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Anchoring Growth: The Importance of Productivity-Enhancing Reforms in Emerging Market and Developing Economies

2013-12-11

Era Dabla-Norris | International Monetary Fund |
Giang Ho | International Monetary Fund |
Kalpana Kochhar | International Monetary Fund |
Annette Kyobe | International Monetary Fund |
Robert Tchaidze | International Monetary Fund |

Washington, DC : International Monetary Fund

36 pages
IMF Staff Discussion Note ( SDN/13/08 )

http://www.imf.org/

초록

Recent growth performance. Emerging market and developing economies (EMDEs) as a group have experienced a remarkable period of growth until recently, with convergence resuming in many countries. Improvements in growth performance have been facilitated by better policy and institutional settings, increased trade and financial integration, and exceptionally favorable external conditions (notably strong external demand, buoyant commodity prices, and ample global liquidity). Productivity gains accruing from shifts in the composition of output toward high-productivity sectors have also played a role in some EMDEs. This overall picture, however, masks an uneven pace of convergence across regions and countries, reflecting considerable heterogeneity in growth drivers. Sustaining convergence. The global economic outlook remains tepid and tailwinds of the past decade are fading. Growth in many EMDEs has already slowed, reflecting a combination of cyclical factors and domestic supply-side constraints in some countries. Prospects will depend on how well countries do in establishing macroeconomic and structural conditions conducive to sustained growth. Although further capital deepening, the fostering of human capital accumulation, and increases in labor utilization remain potential sources, convergence in a less favorable external environment and with less benign demographics could be testing. Productivity-enhancing structural reforms are needed to boost technological catch-up, facilitate structural transformation into higher productivity sectors and new activities, and better allocate existing resources in the economy. Varying challenges. For low-income countries, maintaining a dynamic growth trajectory will require raising agricultural productivity, continued shifts of labor out of agriculture, rapid accumulation of capital, and technology diffusion in labor-intensive sectors. For many emerging market economies, productivity gains from past reforms and sectoral reallocation away from agriculture may have already peaked and, in any event, old growth models may no longer suffice. Sustaining growth and income convergence will instead require more intensive patterns of growth, greater flexibility to shift resources across sectors, efforts to reduce resource misallocation within sectors, and the capacity to innovate and apply more knowledge and skills-intensive production techniques. These strategies would be especially important as economies become increasingly services-based. In many resourcerich EMDEs, efforts to enhance productivity in sectors of comparative advantage, while facilitating economic diversification would be pivotal for achieving sustained growth. Calibrating reforms to stage of development. Empirical evidence based on countries’ distance to the global technology frontier suggests that reform priorities for unlocking productivity growth and sustaining growth potential vary across income groups. In low-income countries, strengthening economic institutions needed for market-based economic activity, reducing trade barriers, reforming agricultural and banking sectors, and improving basic education and infrastructure would spur productivity growth. In lower-middle income countries, to varying degrees, reforms in banking and agricultural sectors, reducing barriers to FDI and increasing competition in product markets for a more vibrant services sector, improving the quality of secondary and tertiary education, and efforts to alleviate pertinent infrastructure bottlenecks would be a priority. In upper-middle income countries, boosting productivity growth will require a focus on deepening capital markets, developing more competitive and flexible product and labor markets, fostering a more skilled labor force, and investing in research and development and new technologies.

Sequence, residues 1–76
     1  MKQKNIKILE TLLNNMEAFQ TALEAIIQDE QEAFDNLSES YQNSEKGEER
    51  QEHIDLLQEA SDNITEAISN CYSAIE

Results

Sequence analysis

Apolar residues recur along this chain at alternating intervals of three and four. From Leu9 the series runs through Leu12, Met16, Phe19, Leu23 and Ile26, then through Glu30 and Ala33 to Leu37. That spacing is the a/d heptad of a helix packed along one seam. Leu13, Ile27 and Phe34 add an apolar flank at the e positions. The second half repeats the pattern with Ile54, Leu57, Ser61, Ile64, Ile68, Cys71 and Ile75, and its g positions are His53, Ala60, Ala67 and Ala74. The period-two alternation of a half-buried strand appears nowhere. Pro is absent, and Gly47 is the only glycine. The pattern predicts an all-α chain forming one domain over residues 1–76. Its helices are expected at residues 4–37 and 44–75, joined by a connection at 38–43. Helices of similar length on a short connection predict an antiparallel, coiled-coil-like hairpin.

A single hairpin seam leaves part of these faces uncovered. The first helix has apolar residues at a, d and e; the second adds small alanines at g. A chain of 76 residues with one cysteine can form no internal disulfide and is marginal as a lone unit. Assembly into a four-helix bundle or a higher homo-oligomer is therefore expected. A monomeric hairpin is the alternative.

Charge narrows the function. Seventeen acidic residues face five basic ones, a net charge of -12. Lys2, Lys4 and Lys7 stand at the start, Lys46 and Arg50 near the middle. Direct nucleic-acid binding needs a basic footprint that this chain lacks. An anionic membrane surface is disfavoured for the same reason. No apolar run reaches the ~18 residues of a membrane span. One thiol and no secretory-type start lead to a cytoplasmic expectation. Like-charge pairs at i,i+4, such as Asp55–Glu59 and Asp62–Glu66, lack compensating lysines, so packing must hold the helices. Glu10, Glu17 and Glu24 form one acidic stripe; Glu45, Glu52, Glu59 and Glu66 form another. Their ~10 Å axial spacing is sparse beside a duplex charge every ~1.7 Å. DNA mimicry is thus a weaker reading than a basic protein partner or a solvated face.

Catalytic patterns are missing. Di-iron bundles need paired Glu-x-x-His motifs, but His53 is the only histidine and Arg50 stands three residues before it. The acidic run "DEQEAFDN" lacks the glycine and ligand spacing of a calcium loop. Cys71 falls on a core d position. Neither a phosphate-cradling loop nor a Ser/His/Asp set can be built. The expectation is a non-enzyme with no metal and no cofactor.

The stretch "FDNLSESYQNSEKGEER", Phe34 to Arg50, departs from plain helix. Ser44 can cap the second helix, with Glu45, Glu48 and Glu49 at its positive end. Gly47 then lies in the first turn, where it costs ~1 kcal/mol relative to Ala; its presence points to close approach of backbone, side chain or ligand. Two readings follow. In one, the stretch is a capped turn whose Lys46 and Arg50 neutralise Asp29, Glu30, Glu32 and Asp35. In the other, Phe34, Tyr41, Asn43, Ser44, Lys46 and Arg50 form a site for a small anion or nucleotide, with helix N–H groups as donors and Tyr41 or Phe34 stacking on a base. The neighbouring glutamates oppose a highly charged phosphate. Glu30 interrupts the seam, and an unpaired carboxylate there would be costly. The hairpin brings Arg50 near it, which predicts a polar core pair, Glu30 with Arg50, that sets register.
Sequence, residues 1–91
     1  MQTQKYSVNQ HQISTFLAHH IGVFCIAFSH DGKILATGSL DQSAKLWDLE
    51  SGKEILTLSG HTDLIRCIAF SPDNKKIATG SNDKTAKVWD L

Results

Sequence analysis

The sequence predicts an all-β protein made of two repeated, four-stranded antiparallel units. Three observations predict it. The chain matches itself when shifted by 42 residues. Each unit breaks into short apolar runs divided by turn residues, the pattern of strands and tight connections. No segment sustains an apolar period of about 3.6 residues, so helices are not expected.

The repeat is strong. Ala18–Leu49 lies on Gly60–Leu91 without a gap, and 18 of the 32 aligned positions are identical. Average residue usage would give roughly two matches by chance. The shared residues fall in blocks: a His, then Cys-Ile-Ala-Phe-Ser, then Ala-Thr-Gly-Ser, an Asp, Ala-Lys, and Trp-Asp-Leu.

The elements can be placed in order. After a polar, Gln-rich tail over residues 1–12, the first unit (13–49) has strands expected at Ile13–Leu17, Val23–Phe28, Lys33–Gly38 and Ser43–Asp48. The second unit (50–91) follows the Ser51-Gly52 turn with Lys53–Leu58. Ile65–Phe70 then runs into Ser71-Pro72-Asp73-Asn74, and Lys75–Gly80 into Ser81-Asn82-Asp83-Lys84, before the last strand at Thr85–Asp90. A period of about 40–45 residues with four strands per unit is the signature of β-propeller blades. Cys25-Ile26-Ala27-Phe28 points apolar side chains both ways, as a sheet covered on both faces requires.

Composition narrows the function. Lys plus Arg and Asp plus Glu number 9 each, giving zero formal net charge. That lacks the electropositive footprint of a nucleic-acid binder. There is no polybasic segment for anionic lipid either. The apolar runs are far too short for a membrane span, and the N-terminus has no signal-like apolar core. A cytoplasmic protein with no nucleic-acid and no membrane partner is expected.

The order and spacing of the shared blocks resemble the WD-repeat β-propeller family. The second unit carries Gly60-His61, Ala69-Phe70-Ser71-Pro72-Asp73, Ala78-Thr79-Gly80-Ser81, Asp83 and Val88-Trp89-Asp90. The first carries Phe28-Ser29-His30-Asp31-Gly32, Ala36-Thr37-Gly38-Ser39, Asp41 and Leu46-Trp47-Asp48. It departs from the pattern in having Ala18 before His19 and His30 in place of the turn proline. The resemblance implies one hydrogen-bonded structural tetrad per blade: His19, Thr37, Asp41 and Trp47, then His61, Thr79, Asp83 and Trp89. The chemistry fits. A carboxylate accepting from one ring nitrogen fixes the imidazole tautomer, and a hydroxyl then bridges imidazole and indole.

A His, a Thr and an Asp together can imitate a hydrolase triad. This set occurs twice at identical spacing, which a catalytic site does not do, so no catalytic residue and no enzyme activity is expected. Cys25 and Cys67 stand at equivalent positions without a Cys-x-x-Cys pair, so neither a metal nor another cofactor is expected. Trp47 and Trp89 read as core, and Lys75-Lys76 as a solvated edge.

목차

>> I. CONTEXT
>> II. UNDERSTANDING PAST GROWTH DRIVERS: A SUPPLY-SIDE PERSPECTIVE
>> >> A. Sources of Growth
>> >> B. Sectoral Patterns of Productivity Growth
>> III. LOOKING AHEAD: CHALLENGES AND OPPORTUNITIES
>> IV. WHAT POLICIES WILL ENHANCE PRODUCTIVITY?
>> >> A. Structural Reform Lessons from the Past
>> >> B. Calibrating Policies to Stage of Development
>> V. FINAL REMARKS

참고문헌

  • Berg, Andy | Jonathan D. Ostry | Jeromin Zettelmeyer (2012) , What Makes Growth Sustained? , Journal of Development Economics , VOL.98 No.2 , pp.149 ~ 166
  • Christiansen, Lone | Martin Schindler | Thierry Tressel (2013) , Growth and Structural Reforms: A New Assessment , Journal of International Economics , VOL.89 No.2 , pp.347 ~ 356
  • Restuccia, Diego | Richard Rogerson (2013) , Misallocation and Productivity , Review of Economic Dynamics , VOL.16 No.1 , pp.1 ~ 10

부록

ANNEX I. THEORETICAL FRAMEWORK